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Sunday, July 26, 2015

The Bertolucci Brothers

With a career that spans over six decades, Bernardo Bertolucci  never seems to run out of stories to tell or innovative ways to shoot them.  Born in the northern Italian city of Parma in 1940, Bertolucci grew up surrounded by arts and literature. His father was a writer, film critic and art history professor. He encouraged his son's creativity and interest in films and frequently took him to film screenings. By the age of 15, Bernardo Bertolucci made 2 short films and was becoming a respected writer. His first book, "In Cerca del Mistero" (In Search of Mystery), won the Premio Viareggio, one of the top literary awards in Italy.  

Bertolucci originally set out to be a writer and poet like his father. In 1958 at the age of 18, he enrolled in the University of Rome and attended the Faculty of Modern Literature. Shortly thereafter, he started working under the guidance of Pier Paolo Pasolini. Bertolucci's father had helped Pasolini publish his first novel and Pasolini paid back that favor by hiring Bertolucci as a first assistant on his 1961 film, "Accattone", and that is when Bertolucci's passion for cinema took over. Following his work on that film, he quit school and embarked on his own independent study of film.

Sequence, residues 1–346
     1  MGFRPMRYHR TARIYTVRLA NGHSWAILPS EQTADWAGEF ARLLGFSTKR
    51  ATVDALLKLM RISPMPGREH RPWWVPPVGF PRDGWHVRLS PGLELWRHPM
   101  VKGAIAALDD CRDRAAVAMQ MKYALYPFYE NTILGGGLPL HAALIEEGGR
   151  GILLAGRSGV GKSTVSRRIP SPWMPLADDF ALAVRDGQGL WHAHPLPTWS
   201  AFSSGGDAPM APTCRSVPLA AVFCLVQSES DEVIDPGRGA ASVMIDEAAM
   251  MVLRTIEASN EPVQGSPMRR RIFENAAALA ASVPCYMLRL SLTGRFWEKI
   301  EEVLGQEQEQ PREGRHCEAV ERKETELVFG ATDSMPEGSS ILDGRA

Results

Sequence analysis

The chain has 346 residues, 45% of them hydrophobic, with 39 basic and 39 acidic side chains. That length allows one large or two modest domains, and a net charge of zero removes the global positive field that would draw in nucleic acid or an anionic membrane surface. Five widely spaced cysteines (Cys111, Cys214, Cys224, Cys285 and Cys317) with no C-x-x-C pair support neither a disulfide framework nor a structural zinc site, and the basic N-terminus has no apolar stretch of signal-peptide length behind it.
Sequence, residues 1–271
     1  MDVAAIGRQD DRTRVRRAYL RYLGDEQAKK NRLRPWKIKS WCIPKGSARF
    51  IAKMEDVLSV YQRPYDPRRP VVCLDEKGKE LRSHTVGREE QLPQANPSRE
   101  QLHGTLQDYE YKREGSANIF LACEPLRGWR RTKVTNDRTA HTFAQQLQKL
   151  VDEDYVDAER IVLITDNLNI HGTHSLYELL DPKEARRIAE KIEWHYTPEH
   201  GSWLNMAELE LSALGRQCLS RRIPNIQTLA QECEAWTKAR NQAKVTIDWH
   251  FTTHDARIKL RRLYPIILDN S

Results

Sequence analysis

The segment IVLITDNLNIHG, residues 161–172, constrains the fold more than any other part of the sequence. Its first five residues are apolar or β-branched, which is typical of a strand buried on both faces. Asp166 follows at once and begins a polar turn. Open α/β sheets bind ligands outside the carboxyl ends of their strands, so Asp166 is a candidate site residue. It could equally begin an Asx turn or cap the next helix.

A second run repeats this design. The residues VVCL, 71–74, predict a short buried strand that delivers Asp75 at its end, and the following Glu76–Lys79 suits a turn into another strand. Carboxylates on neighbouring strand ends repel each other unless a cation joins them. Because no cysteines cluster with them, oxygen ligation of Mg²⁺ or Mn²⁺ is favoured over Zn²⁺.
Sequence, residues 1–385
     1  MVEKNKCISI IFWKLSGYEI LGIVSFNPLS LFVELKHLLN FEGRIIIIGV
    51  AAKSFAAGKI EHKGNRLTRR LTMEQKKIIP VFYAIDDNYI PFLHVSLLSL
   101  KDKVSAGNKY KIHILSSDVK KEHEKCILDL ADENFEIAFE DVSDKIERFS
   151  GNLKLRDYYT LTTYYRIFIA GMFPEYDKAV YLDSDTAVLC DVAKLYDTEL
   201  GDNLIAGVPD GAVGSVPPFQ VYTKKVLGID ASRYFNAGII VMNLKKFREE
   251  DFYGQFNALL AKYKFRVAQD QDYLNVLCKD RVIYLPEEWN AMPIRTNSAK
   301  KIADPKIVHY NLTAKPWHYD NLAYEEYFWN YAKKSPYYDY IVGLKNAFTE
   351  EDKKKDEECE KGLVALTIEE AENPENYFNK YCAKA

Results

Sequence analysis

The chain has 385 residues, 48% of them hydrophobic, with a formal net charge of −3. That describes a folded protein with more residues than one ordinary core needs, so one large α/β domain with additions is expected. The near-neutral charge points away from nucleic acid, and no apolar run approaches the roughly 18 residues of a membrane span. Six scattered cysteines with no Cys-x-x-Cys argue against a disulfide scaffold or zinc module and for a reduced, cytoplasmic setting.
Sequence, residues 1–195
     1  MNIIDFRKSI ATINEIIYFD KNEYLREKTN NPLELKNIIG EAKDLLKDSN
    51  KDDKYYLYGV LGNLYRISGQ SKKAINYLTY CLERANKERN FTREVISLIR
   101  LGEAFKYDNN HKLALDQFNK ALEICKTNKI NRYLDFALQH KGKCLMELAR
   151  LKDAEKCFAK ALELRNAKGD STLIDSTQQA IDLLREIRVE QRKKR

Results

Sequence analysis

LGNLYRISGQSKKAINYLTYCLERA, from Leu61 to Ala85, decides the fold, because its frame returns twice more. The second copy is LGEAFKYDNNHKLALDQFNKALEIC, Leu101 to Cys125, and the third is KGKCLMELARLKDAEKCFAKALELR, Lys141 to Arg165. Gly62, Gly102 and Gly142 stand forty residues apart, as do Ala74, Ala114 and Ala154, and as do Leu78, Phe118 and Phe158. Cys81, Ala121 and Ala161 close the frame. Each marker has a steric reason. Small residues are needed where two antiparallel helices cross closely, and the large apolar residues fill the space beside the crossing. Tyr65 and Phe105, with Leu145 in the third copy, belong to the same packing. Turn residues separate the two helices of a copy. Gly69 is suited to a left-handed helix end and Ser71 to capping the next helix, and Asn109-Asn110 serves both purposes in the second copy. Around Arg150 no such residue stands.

In 1962, Bertolucci made his first feature film that was written by his mentor, Pasolini. The film titled, "La commare secca" (The Grim Reaper) is a murder mystery in which the homicide of a prostitute is investigated through a series of flashbacks by the person who actually committed the crime. The film was not a big commercial success but earned him some recognition among critics. Then just two years later, he made another film, "Prima della rivoluzione" (Before the Revolution). Not a big commercial success either, it did win him some more acclaim as it was shown at the Cannes Film Festival in 1964. That second film prompted Bertolucci to leave the wings of Pasolini to follow his own vision. The result has been a career of character driven films with complicated subject matter that is sometimes scandalous in nature. The scandalous element of his work has been noted several times throughout his career especially in his representation of women.